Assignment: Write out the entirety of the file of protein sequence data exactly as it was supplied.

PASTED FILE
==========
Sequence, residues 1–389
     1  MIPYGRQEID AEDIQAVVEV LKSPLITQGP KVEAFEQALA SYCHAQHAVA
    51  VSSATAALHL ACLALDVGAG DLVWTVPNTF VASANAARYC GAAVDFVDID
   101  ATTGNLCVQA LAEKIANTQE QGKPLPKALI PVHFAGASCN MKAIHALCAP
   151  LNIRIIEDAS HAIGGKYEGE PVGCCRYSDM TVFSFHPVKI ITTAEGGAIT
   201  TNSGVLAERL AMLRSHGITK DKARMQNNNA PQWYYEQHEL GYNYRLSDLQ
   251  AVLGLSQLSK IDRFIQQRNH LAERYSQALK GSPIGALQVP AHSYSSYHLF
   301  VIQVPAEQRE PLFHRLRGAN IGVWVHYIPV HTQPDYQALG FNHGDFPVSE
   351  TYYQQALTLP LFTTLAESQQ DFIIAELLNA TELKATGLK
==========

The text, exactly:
Sequence, residues 1–389
     1  MIPYGRQEID AEDIQAVVEV LKSPLITQGP KVEAFEQALA SYCHAQHAVA
    51  VSSATAALHL ACLALDVGAG DLVWTVPNTF VASANAARYC GAAVDFVDID
   101  ATTGNLCVQA LAEKIANTQE QGKPLPKALI PVHFAGASCN MKAIHALCAP
   151  LNIRIIEDAS HAIGGKYEGE PVGCCRYSDM TVFSFHPVKI ITTAEGGAIT
   201  TNSGVLAERL AMLRSHGITK DKARMQNNNA PQWYYEQHEL GYNYRLSDLQ
   251  AVLGLSQLSK IDRFIQQRNH LAERYSQALK GSPIGALQVP AHSYSSYHLF
   301  VIQVPAEQRE PLFHRLRGAN IGVWVHYIPV HTQPDYQALG FNHGDFPVSE
   351  TYYQQALTLP LFTTLAESQQ DFIIAELLNA TELKATGLK